Banners, Images, And Monetary Forms Of The Gambia
Banners, Images, And Monetary Forms Of The Gambia

Banners, Images, And Monetary Forms Of The Gambia

The banner of The Gambia has three flat groups of red (top), blue and green, isolated by two slim white groups.

Gambian banner

verifiable banners

public song of praise


The Gambia banner was formally taken on February 18, 1965, to supplant the British frontier banner, which had a blue ensign with Gambia’s crest. The Gambian banner was planned by Louis Thomas and has been the banner of the country since freedom, including the time of confederation with Senegal.

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The banner of The Gambia comprises of three equivalent even groups of red (top), blue and green, with the three groups isolated from one another by two meager white stripes. These varieties convey territorial, social and political implications. The red represents the sun and savanna because of the Gambia’s nearness to the Sun. The blue addresses the Gambia River, the fundamental element of the nation, and the green represents timberlands and agribusiness. Slim white stripes connote solidarity and harmony

History of the Flag of The Gambia

At the point when the British showed up in The Gambia, their point was to assume command over the district and make it a protectorate. The Gambia in the end turned into a protectorate inside Sierra Leone during the 1820s. In any case, in 1889, The Gambia turned into a different British state and took on the Colonia banner; the Blue ensign was destroyed with the Seal of The Gambia. This banner was flown in The Gambia until it was supplanted by the ongoing banner at the hour of freedom.

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Verifiable Flags of The Gambia

Banner of the Gambia Colony and Protectorate

Banner of the Gambia Colony and Protectorate (1889-1965). Picture credit: thomy/

Banner of the Gambia Colony and Protectorate (1889-1965). Picture credit: thomy/

image of Gambia

Public crest of The Gambia

Public crest of The Gambia

The escutcheon of The Gambia was made by Nicolas Potin and embraced in 1964 and held even after autonomy. The escutcheon of The Gambia shows two lions clutching a hatchet and spade (image of horticulture) and supporting a safeguard. A heraldic protective cap lays on top of the safeguard, and an oil palm. The public saying: Progress, Peace, Prosperity, is shown on a strip underneath. The two lions represent the historical backdrop of the Gambia as a feature of the British Empire and the country’s two fundamental ethnic gatherings; Fulani and Mandinka. The palm tree is a significant public tree in The Gambia.

public song of devotion

Song of devotion Title: The Gambia To Our Motherland

Author: Jeremy F. Howe

Lyricist: Virginia Julia Howe

Date of Adoption: 1965

The title of the public song of the devotion of The Gambia is “For the Gambia Our Homeland”. Jeremy F. Howe made the melody, which depended on a Mandinka customary tune called “Fode Kaba Dambuya”. The verses were composed by Virginia Julia Howe. Before freedom in 1965, a rivalry was held in The Gambia to pick the public song of praise, with “The Gambia for Our Homeland” arising as the best pick.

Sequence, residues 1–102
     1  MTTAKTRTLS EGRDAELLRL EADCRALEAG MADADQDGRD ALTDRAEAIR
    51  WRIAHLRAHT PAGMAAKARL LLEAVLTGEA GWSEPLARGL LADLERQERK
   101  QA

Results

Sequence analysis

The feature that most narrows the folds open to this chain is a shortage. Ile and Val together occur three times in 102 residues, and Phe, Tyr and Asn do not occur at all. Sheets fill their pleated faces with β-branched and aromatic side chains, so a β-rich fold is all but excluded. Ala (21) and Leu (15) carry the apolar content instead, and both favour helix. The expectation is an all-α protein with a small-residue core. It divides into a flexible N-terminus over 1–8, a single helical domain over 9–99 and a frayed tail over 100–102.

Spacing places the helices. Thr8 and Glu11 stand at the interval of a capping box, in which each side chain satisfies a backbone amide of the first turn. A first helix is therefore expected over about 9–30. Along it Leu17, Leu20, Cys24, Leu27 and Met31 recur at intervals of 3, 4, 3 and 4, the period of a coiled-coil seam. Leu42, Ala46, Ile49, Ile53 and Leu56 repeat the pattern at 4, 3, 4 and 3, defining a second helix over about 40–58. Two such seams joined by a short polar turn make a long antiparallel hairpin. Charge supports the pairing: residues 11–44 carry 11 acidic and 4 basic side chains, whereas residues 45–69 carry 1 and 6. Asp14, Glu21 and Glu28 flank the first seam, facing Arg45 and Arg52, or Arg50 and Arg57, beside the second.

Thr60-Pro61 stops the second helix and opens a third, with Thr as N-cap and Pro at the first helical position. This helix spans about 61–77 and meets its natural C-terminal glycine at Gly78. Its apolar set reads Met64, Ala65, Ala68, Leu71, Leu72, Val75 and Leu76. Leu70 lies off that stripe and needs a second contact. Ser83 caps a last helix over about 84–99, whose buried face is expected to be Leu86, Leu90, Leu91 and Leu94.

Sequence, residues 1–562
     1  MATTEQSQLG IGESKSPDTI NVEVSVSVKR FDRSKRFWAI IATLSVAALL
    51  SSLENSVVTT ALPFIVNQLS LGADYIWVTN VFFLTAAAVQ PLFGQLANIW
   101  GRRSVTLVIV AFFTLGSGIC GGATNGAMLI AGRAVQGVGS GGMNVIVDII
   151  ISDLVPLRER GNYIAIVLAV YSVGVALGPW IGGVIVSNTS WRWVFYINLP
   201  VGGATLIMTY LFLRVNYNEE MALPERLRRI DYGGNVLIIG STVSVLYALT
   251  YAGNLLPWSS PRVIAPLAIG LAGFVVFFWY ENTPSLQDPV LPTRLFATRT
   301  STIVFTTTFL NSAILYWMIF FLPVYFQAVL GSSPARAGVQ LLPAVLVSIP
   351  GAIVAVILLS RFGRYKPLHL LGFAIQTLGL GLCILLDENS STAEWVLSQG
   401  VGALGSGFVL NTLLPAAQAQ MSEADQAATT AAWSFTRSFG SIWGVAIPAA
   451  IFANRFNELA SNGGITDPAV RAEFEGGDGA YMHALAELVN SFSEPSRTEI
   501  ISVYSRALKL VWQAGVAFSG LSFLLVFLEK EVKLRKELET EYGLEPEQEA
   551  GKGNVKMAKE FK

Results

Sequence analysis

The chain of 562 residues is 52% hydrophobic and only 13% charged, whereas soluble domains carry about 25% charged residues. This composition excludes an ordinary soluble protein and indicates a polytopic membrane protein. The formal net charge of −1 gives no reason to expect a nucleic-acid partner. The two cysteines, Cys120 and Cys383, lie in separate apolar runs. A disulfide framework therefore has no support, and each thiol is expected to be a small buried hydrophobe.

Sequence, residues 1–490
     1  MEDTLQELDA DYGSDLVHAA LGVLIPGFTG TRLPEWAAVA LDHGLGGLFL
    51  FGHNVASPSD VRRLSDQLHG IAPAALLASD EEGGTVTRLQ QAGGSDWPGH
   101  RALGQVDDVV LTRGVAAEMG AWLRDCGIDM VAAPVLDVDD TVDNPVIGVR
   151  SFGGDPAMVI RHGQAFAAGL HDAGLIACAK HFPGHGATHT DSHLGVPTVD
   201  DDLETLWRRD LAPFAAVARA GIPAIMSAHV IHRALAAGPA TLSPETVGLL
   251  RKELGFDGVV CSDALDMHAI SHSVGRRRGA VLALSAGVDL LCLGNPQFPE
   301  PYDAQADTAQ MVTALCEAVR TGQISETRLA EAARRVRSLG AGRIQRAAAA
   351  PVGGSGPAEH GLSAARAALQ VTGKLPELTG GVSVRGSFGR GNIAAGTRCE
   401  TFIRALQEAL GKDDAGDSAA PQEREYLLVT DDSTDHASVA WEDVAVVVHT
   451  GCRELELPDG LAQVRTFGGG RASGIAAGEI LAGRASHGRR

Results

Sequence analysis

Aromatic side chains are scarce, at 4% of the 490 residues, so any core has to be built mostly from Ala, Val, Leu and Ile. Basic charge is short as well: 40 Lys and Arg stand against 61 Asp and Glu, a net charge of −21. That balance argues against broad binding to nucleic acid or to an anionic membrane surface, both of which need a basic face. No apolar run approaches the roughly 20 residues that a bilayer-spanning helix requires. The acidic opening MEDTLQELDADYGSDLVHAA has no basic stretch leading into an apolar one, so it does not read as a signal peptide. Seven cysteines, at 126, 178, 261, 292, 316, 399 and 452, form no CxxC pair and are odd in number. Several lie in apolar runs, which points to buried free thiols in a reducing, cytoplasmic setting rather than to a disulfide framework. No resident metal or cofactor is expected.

Our Motherland to The Gambia

To The Gambia, Our Motherland

We endeavor and work and implore,

that all live in solidarity,

Opportunity and harmony consistently.

Allow equity to direct our activities

towards the public interest,

furthermore, join our different individuals

To demonstrate the fellowship of man.

We promise our undaunted faithfulness,

We restore our commitment;

Keep us, the incomparable God of countries,

At any point valid for The Gambia.

The money of The Gambia is the Gambian Dalasi

The money of Gambia is known as Dalasi. The resources and responsibility of the Gambia Currency Board were changed in 1971 by the Central Bank of the Gambia. During that very year, the money was partitioned on the standard of 1 dalasi which is equivalent to 100 baht. The illustrious mint stamped the coins. Dalasi is called Hundred Butts. At first, the public authority of The Gambia was utilizing the Gambian pound which is comparable to 5 dalasis or 4 shillings. About 1, 5, 10, 25, and 50 coin divisions were presented in 1971. The 1 and 5 coins were printed from bronze, 10 were stamped from metal, and lastly, the 25 and 50 butts were produced using nickel. The new plan of the three divisions was duplicated from the past sections of 1, 2, and 4 shillings, while the lower categories were replicated from the past plans of 6, 1, and 3 pence coins. All coins delivered during this series included the picture of previous President Davda Jawara.


Later in 1987, another 1 dalasi coin was presented subsequent to being planned from a model of a 50 pence United Kingdom coin. This was acquainted with taking out the lower division money which was not frequently utilized. Another series of coins with another picture of the crest was presented in 1998. This new series coming up short on the image of President Davda Jawara. The old Jawara coins are as yet utilized as legitimate delicate, albeit the 1 Dalasi coins were diminished in size and weight. At present, just coins of 1, 25, and 50 butts are being used in The Gambia. The 1, 5 and 10 coins quit being available for use because of their decrease in esteem over the long haul.